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Cattle Egret in Jamaica.

Cattle Egret in Jamaica.

The Cattle Egret (Bubulcus ibis) is a cosmopolitan species of the heron (family Ardeidae) found in the tropics, subtropics and warm temperate zones. It is the only member of the monotypic genus Bubulcus, although some authorities regard two of its subspecies as full species, the Western Cattle Egret and the Eastern Cattle Egret. Despite the similarities in plumage to the egrets of the genus Egretta, it is more closely related to the herons of Ardea.

Cattle Egret preening.

Cattle Egret preening.

The Cattle Egret is a stocky heron with a 35–38 inches wingspan; it is 8–22 inches long and weighs 9.5–18.1 ounces. It has a relatively short thick neck, a sturdy bill, and a hunched posture. The non-breeding adult has mainly white plumage, a yellow bill, and grayish-yellow legs. During the breeding season, adults of the nominate Western subspecies develop orange-buff plumes on the back, breast, and crown, and the bill, legs, and irises become bright red for a brief period before pairing. [Wikipedia]

Cattle Egret in Jamaica.

Cattle Egret in Jamaica.

The short, thick-necked Cattle Egret spends most of its time in fields rather than streams. It forages at the feet of grazing cattle, head bobbing with each step, or rides on their backs to pick at ticks. Originally from Africa, it found its way to North America in 1953 and quickly spread across the continent. Elsewhere in the world, it forages alongside camels, ostriches, rhinos, and tortoises—as well as farmers’ tractors. [All About Birds]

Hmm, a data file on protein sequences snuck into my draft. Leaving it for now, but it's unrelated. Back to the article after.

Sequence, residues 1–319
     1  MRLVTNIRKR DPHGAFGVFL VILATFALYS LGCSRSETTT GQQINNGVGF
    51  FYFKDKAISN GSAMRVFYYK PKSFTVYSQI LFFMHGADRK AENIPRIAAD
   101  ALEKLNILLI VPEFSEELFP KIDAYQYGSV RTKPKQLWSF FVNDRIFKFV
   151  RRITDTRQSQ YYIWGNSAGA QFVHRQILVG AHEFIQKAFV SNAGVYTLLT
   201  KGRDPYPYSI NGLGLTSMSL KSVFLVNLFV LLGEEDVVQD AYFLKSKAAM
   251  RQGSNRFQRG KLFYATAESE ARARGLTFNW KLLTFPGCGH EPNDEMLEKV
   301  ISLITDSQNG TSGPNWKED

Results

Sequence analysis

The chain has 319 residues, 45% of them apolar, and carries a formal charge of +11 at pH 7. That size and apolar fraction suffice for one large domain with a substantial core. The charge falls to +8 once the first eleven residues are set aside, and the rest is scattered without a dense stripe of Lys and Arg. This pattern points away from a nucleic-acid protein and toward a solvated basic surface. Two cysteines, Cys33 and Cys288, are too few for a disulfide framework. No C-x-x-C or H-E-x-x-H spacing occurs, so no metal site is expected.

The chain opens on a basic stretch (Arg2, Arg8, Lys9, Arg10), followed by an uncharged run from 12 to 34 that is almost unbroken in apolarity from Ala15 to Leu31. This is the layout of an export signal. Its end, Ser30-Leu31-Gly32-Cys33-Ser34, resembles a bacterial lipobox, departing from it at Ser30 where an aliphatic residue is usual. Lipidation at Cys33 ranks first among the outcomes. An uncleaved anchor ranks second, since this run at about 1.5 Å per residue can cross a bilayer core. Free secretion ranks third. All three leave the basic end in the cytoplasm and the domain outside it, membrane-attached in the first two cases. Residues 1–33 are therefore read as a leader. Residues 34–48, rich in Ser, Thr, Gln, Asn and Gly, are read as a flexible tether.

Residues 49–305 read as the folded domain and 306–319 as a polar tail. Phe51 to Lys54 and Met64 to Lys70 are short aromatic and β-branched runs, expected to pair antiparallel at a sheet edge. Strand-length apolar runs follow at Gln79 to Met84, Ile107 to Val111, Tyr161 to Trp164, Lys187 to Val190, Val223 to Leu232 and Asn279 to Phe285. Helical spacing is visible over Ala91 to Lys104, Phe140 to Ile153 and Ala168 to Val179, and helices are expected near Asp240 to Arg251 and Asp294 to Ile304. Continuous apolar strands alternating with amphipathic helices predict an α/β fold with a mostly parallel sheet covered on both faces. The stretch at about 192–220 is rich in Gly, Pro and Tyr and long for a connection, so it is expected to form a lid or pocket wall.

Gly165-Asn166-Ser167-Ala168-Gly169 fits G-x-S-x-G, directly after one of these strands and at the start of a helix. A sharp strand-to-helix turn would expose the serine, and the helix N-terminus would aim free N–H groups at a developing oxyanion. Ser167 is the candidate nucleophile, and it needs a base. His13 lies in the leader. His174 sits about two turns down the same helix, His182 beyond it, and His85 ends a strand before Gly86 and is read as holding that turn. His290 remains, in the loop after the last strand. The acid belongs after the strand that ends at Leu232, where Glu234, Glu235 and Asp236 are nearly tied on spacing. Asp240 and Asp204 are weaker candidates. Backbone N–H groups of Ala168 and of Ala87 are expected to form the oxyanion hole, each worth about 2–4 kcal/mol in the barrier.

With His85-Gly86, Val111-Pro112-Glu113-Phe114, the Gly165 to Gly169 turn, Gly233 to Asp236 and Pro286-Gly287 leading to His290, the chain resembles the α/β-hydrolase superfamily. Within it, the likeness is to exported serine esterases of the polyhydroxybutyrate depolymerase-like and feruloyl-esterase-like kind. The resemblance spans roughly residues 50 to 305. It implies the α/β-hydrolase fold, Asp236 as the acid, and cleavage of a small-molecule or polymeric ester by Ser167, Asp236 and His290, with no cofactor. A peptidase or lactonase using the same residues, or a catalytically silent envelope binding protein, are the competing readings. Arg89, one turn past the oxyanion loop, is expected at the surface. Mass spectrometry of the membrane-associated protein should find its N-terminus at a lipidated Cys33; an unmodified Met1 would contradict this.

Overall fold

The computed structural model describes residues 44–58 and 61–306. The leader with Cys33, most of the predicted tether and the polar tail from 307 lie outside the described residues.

Cattle Egret in Jamaica.

Cattle Egret in Jamaica.

Cattle Egret Facts [All About Birds]

  • Cattle Egrets are native to Africa but somehow reached northeastern South America in 1877. They continued to spread, arriving in the United States in 1941 and nesting there by 1953. In the next 50 years, they became one of the most abundant of the North American herons, showing up as far north as Alaska and Newfoundland.
  • Cattle Egrets have many names around the world, usually referencing the grazing animals they team up with to forage. In various languages, they are known as cow cranes, cow herons, cow birds, elephant birds, rhinoceros egrets, and hippopotamus egrets.
  • The Cattle Egret has a broad and flexible diet that occasionally includes other birds. In the Dry Tortugas off the coast of Florida, migrating Cattle Egrets have been seen hunting migrating warblers.
  • The oldest Cattle Egret on record was at least 17 years old when it was captured and released in Pennsylvania in 1979. It had been banded in Maryland in 1962.

 

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